In a previous blog post I explained how you could mock the system under test. This allows you to easily verify if a given method calls other methods in the same class.
What if you wanted to verify this from the constructor?
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The constructor is a magic function in your class and is invoked when you create a new instance of said class. You don’t explicitly call the constructor method.
Being a meticulous developer and trying to reach 100% unit test coverage, I explicitly want to verify if the constructor calls
setDoors. One solution would be the following:
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First thing I do, is create a mock object for the Car class, but I request that the constructor is not called with
Next I set the expectations for my mock object: verify that the
setDoors method is called with 4 as an argument.
Lastly, through reflection I get a reflection method for the constructor, which I then invoke for the mock object and correct argument.
For regular classes, the method described above seems straightforward. When dealing with abstract classes, mocking needs some more attention.
PHPUnit provides us with a
getMockForAbstractClass method, which conveniently creates a mock for an abstract class. What’s in a name. Now where the regular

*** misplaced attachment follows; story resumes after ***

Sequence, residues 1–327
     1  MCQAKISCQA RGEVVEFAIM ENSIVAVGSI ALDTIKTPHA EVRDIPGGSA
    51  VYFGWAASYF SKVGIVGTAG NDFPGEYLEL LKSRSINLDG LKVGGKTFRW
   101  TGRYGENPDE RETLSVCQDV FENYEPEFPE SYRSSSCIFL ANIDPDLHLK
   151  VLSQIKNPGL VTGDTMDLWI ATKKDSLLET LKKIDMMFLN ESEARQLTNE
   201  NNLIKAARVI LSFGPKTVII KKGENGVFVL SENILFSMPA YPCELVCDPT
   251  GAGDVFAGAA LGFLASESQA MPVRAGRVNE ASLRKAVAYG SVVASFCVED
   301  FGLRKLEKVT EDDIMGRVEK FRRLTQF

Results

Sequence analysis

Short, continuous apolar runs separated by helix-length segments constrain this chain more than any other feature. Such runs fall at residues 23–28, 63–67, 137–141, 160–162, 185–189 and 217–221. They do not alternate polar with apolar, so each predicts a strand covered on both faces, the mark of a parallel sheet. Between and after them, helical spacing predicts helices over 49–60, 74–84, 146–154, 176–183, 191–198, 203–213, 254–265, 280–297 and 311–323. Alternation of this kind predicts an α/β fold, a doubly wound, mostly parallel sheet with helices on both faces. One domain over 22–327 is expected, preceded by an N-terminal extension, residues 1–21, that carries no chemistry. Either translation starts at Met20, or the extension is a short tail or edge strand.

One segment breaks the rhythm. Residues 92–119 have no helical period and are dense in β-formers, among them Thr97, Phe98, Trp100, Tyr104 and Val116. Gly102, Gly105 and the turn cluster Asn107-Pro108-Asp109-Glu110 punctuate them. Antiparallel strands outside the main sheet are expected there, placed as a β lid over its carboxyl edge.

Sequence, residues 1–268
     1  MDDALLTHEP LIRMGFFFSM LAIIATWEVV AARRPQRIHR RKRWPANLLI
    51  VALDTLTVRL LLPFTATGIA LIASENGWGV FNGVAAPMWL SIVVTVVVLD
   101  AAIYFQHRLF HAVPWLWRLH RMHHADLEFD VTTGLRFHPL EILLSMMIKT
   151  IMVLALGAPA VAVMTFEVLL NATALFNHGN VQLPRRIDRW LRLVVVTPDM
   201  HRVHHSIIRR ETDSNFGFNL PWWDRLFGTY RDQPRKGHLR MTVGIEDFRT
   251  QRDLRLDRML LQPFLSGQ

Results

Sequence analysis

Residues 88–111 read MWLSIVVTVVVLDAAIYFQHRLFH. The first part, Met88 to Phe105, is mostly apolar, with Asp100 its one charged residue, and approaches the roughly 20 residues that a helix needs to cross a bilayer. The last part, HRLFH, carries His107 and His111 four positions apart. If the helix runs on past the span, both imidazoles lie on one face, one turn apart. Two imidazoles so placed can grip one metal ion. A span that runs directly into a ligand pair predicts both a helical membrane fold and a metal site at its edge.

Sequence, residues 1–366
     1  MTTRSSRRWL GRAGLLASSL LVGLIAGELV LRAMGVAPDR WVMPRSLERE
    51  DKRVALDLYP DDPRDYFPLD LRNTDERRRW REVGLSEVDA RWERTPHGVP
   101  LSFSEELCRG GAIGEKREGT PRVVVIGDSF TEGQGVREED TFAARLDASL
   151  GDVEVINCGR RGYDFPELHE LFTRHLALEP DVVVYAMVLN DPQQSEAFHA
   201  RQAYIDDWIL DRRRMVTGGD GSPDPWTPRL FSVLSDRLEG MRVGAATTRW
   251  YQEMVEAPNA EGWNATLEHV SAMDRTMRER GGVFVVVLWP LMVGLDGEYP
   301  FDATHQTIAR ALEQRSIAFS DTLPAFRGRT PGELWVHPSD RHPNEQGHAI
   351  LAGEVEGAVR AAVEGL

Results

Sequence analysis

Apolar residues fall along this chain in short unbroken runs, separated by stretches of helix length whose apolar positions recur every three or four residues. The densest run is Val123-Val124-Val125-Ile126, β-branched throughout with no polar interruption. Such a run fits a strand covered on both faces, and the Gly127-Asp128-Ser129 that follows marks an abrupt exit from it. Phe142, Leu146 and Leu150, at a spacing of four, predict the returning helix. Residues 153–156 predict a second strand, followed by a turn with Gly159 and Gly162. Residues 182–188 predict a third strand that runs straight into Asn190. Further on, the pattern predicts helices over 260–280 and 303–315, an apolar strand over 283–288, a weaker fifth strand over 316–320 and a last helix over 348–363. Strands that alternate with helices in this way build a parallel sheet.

getMock method doesn’t mock any method unless you specify the ones you want,
getMockForAbstractClass by default mocks the abstract methods so you can test the concrete methods.
So far things are logical. If you try the same approach as above for abstract classes, exchanging the
->getMockForAbstractClass(), you end up with a disappointment. The mock tells you that the internal method wasn’t called. Odd. Doing some var_dump-driven-development tells you that the method is called. However, it’s not reflected in the mock.
How to fix?
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Tadaa! For an abstract class, we explicitly have to define the list of methods we want to stub.
Come to think of it, this is actually logical behavior, as this is how regular mocking works. What’s not logical, is that it works for normal classes without the list of methods you want to stub. So just to be on the safe side (and to have some kind of pattern), just always provide a list of methods. At least, that’s what I’m going to do from now on.